"The challenge in doing a new show is finding the truth in that show," said Probst, who added that he felt he could "contribute to the conversation" after becoming a husband and stepfather. "I feel comfortable in doing the show I want to do. I have no idea if anyone will watch it, but that's why you put it on the air."
For Harvey, his truth is humor.
"I've been in the funny business for a long time," said the veteran comedian, whose show will air in top markets on NBC stations, back to back with "The Ellen Degeneres Show." "In terms of funny, you can't really top what we're going to do in daytime. The only person that's funny is Ellen, and I'm going to be her lead-in, so until Ellen comes on, I'm the funniest person on TV."
"Steve Harvey," which is modeled after the bestselling author's books that offer women advice on relationships and dating from a male perspective, launched his show last week to solid ratings. But it's too soon to know whether they'll last, say analysts, with other newcomers coming Monday along with premieres of "Dr. Phil," "Ellen" and "Dr. Oz."
Although the pressure to land boffo numbers has eased over the years, the chances for long-term staying power remain tough.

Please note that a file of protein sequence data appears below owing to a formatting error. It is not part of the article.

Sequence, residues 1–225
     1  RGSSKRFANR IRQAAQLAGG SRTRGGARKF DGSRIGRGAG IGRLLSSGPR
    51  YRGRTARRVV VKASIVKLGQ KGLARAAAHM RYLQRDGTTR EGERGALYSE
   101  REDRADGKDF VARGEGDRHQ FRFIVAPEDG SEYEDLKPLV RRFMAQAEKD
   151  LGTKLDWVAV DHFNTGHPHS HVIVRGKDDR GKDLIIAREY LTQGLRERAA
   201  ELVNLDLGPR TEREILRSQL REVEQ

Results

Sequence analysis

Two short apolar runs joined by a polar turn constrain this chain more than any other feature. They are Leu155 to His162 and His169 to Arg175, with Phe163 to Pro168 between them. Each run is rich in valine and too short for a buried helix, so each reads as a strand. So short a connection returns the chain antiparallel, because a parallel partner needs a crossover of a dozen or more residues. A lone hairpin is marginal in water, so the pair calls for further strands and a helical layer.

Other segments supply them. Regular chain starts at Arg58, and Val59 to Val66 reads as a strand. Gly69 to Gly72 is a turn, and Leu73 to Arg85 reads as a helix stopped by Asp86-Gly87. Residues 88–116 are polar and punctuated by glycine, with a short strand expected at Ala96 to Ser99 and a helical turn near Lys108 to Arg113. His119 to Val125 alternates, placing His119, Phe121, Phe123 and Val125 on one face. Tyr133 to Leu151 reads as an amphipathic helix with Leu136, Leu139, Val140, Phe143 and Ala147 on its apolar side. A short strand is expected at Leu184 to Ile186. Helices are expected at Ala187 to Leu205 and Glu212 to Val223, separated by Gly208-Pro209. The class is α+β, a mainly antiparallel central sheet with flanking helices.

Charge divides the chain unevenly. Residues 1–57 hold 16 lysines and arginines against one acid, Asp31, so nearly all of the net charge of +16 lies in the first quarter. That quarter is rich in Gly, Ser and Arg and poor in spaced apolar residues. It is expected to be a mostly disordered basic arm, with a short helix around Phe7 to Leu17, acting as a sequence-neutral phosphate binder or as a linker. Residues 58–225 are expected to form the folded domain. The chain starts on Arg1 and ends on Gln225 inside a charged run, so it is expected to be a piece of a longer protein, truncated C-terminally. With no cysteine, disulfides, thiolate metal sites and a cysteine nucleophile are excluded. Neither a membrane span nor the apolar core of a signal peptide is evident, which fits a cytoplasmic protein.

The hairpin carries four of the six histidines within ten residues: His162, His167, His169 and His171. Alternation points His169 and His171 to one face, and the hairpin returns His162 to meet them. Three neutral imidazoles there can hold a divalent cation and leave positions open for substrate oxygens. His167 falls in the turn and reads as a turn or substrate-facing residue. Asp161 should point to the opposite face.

"In five years, I would say two of the four big names coming out this fall will still be around," said Brad Adgate, an analyst for the ad firm Horizon Media. "It's a pretty strong crop of names, but it's hard to say whether that will translate to viewing power."
If anyone is close to being the next daytime royalty, it might be 69-year-old Judith Sheindlin. The tough-talking "Judge Judy" wrapped last season on top of the daytime ratings mound, averaging around 9.7 million viewers — making it the top syndicated program on daytime TV.
In the talk show realm, Winfrey disciple "Dr. Phil" (Phil McGraw) earned about 4 million viewers each weekday. He's followed by another Winfrey pupil, Mehmet Oz, whose "Dr. Oz Show" averaged about 3.7 million viewers. "Ellen" teetered around 3.2 million viewers.
But if it doesn't work this time around for some in the new bunch, at least they can knock it off a bucket list.
"I think everybody gets a talk show at least once in their life," Lake joked. "It's all the rage. Some of us get them twice."
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